Ecclesiastical music during the first centuries A.D.
Music has always and everywhere been considered to be the most lively display of religious sentiment, and hence the most pleasing and acceptable tribute to God. Music was used in the ancient greek feasts and celebrations, as well as in the Jewish rituals from the Church of the Old Testament.
Similarly the Churches of Christ from their foundation have used music besides prayers and supplications in order to praise and glorify God. This is perhaps because the melodies soften the heart and assist in it attaining and keeping the required devoutness and attention during divine worship. The example was first gicen by the Founder of our faith during the Mystical Supper, which was concluded by sacred hymnody. As St John Chrysostom characteristically says: «The Saviour hymned in the same way as we also hymn today». The Apostles, based on the example of our Lord, were shown to be musicians and hymnologists, as St Luke confirms «And they were always in the temple praising and blessing God».
In the Acts of the Apostles, we see that the Apostles gathered for psalmody and prayer at the third, sixth, and ninth hour, and during night. So did the Apostles Paul and Silas, who praised the Lord praying at midnight. The Apostles also used hymns and prayers when burying the departed. Burial hymns were sung at the Dormition of the Mother of God, and also at the burying of the first martyr and archdeacon Stephen.
The Church of Christ during the first centuries of Christianity put forth not few melodists and composers, who created metric songs and odes in the spirit of the Gospels. The highest clergy ranks were usually responsible for composing hymns and melodies; that is why great hierarchs of the Church are mentioned as melodists: Dionysius Areopagites, Hierotheos of Athens, Ignatius the Theophorus (who introduced the antiphonic psalmody, and the two choirs of cantors), Polycarp of Smyrna, Justin the Martyr, Irinaios of Lugundes, Clement of Alexandria, Hippolytus, Origen, Gaius presbyter of Rome, Gregory of Neocæsaria, Anatolius of Laodicea, Athenogenes of Sebasteia, Nepos of Pentapolis, et al.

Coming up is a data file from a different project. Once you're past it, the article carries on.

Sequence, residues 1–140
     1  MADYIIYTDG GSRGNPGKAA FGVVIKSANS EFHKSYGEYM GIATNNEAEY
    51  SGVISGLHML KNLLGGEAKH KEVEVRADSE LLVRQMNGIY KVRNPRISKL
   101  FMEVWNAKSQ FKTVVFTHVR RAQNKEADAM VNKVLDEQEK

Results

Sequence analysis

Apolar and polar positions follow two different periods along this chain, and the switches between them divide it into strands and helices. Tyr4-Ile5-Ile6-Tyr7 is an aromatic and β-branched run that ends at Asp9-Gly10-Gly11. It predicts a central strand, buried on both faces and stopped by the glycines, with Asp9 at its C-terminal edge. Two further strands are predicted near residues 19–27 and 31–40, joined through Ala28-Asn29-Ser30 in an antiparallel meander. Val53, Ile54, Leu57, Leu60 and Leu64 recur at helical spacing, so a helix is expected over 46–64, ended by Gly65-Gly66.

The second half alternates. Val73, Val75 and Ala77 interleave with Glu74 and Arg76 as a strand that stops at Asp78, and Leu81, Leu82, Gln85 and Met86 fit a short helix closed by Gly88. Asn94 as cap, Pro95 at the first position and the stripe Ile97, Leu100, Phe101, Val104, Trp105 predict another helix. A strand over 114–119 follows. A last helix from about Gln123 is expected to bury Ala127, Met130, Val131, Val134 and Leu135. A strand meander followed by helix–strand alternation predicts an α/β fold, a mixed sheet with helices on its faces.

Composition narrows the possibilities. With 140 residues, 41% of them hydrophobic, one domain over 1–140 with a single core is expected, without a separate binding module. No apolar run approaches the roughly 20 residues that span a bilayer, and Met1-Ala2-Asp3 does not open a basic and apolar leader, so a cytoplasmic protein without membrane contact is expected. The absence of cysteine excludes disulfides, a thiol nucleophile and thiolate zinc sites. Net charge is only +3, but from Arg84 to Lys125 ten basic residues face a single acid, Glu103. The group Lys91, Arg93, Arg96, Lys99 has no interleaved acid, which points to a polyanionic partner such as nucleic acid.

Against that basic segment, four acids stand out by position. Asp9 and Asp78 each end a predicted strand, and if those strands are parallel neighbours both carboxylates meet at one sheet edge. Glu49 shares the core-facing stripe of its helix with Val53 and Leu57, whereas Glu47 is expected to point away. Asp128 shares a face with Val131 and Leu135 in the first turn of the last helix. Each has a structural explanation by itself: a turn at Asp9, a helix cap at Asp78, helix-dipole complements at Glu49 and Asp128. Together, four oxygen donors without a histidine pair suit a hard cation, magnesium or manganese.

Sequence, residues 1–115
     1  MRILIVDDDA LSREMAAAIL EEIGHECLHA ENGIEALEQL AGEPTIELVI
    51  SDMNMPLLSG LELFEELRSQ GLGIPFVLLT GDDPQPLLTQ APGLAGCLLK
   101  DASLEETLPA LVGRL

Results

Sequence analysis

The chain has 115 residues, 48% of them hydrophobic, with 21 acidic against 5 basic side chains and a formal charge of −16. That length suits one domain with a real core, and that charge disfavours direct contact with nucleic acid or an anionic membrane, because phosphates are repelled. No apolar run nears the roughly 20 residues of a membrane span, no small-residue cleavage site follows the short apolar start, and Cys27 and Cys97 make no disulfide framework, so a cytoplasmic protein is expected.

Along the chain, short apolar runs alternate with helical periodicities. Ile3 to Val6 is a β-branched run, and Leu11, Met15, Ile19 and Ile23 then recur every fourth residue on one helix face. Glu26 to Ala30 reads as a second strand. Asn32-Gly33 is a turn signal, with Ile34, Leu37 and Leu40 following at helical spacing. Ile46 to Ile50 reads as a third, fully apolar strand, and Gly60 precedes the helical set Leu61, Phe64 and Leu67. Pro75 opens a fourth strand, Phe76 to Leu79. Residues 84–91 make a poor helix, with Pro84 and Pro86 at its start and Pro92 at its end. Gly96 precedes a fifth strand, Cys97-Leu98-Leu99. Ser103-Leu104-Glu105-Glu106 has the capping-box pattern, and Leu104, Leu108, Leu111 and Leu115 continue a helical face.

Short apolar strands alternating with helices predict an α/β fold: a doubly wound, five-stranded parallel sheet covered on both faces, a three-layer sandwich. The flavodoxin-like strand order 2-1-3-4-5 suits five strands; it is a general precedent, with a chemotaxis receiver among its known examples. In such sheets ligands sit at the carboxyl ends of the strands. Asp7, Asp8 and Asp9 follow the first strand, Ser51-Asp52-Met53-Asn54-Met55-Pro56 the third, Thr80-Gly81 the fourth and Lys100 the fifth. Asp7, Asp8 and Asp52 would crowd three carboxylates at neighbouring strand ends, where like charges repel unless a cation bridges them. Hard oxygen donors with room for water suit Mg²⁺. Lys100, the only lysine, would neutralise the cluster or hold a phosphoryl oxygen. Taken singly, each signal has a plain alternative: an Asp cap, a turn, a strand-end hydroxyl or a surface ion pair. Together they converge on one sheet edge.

The progress in music was facilitated by the official recognition of Christianity by the Emperor Constantine the Great. But besides that, the godly Fathers of the various Christian communities worked systematically towards the organisation of music, because of the heretics of that time, who wanted to spread their improper beliefs through music. From the Fathers of the Church who worked with zeal towards this aim we should mention: St Ephrem the Syrian in Syria, St Athanasius the Great in Alexandria, St Ambrose in Milan, St Basil the Great in Asia Minor, St John Chrysostom in Constantinople.
Until the fourth century all the faithful used to sing together in the Churches. But later on, as Christianity spread out and more hymns were written, the quality of singing often became rather poor. Hence two choirs of cantors were formed who gradually took over the communal singing.